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Old September 12th, 2013, 03:24 AM posted to
Gregory Morrow[_204_]
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Posts: 17
Default on the subject of airports..

Martin wrote:

On Wed, 11 Sep 2013 22:00:36 +0200, Tom P wrote:

On 11.09.2013 14:11, Martin wrote:

On Wed, 11 Sep 2013 13:59:32 +0200, Giovanni Drogo


On Wed, 11 Sep 2013, Tom P wrote:

which reminds me of what happened to me some years back. I leave the

house one morning, walk over to the car in the driveway and this

police car...

not about airports, but still travel ... did I never tell this story ?

In the '80s I used to travel a lot Italy to Germany and vv. using night

trains (sleepers, I usually booked a T3 but was almost always alone).

Normally there were no border checks, but once in or around Basel I was

waken up by a couple of German police (and older and a younger one) who

were doing luggage inspection.

I had in my luggage a chestnut cake my mother did (you boil chestnuts,

pass them, mix with a bit of butter, cocoa or chocolate and a bit of

cognac or rhum) ... in the form of a ball of a light brown paste wrapped

in aluminium foil :-)

They wanted to know (very politely) what is was, and I said it was a

Kastanienkuche. The older one wanted to know how was it named (!) in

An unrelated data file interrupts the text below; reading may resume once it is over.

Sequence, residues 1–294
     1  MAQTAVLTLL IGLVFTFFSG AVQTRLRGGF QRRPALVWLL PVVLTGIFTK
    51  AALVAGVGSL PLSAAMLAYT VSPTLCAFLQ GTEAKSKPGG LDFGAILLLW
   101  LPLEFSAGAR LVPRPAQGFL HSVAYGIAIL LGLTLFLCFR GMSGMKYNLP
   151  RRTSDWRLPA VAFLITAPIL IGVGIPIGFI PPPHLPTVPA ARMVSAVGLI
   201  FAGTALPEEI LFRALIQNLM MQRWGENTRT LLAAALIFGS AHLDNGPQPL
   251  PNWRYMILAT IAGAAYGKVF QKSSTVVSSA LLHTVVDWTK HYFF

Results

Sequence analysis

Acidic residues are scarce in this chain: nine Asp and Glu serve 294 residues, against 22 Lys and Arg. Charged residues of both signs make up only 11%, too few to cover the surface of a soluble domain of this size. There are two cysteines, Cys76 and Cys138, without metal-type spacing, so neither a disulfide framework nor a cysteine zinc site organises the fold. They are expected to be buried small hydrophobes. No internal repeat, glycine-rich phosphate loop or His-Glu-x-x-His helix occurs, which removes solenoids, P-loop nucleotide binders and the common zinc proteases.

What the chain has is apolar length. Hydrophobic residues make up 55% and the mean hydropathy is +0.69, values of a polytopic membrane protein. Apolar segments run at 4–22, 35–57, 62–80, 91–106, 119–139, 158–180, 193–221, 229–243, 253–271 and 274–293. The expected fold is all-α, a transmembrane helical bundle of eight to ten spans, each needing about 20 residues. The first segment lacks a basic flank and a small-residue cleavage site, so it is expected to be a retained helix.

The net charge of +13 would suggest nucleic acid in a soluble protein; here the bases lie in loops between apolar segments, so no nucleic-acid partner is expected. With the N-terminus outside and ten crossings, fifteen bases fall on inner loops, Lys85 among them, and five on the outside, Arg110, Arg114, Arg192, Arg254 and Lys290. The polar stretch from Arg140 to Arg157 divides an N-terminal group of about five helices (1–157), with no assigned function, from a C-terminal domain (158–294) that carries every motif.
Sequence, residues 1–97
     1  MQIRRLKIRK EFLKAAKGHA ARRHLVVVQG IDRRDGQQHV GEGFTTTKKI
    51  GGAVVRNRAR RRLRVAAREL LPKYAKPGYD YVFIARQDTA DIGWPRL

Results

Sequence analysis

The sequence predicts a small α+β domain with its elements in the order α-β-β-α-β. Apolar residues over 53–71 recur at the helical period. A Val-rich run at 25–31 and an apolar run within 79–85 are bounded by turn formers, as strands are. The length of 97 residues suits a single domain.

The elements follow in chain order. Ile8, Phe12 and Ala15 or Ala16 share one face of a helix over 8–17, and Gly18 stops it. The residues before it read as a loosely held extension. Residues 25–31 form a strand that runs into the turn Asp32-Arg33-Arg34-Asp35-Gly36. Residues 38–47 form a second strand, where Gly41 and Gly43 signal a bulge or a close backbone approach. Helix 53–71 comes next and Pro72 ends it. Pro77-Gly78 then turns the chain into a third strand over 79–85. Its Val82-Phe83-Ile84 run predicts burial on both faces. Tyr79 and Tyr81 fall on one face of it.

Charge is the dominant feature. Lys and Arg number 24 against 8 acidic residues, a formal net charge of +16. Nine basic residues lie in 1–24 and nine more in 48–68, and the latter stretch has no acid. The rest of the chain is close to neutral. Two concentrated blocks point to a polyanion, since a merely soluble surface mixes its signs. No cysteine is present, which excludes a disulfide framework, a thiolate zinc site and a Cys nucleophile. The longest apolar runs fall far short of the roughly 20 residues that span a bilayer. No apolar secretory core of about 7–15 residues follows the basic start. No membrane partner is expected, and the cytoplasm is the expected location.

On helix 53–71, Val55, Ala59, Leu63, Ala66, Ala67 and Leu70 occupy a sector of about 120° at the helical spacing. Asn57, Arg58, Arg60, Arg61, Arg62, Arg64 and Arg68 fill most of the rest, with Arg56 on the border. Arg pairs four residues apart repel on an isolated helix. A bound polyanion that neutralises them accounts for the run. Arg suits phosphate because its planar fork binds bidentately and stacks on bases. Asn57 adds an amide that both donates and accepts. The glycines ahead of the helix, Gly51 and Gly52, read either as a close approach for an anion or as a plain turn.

Italian. I said it had no specific names. He insisted on knowing a

"generic" name, so I said "dolce di castagne". Then, addressing the

younger colleague, he smiled and said "it is as I told you". Then they

wished me good night and left.

In the 1970s I was in a car that drove from Germany into Austria

without any border control. In Austria one of the other three

passengers found he had forgotten his passport in a hotel in Germany.

Returning to Germany there was a control. The driver a German gave

three passports, including his own and his driving license to the

German policeman/border guard. After scrutinising the driving licence

and the passports, he started to wave us on and then stopped us. He

told the driver that he had to wear his spectacles, when driving. The

controller turned to his young colleague and told him that it was

meticulous work like this that had got him early promotion.


Back in the 90s I had the illustrious job of flying to Vladivostok as

a computer specialist. At the time, Vladivostok was still a military

security area, and I needed a special permit as foreigner to enter the

city. Our customer wanted to treat us to a high quality lunch, but the

only place with any good food was the KGB headquarters. The solution was

to smuggle me into the building - we went in a large group, and I had to

"borrow" a passport from a Russian who wasn't going along. We gathered

all the passports together, the guard counted the passports, counted the

heads, and let us all in as a group. Needless to say, I had to keep my

mouth shut.

I hope the meal was good. :-)

When Khrushchev was touring San Francisco on his 1959 US tour a reporter asked, "How many subs do you have?.

"I'd tell you the strength of our submarine fleet but you would only say I was bragging. Don't worry, we now use our submarines to catch herring."

"Is your herring fleet concentrated in Vladivostok?", asked the reporter.

"Herrings are not pigs",K. replied,"You can't breed them where you want to. You have to catch them where they are...".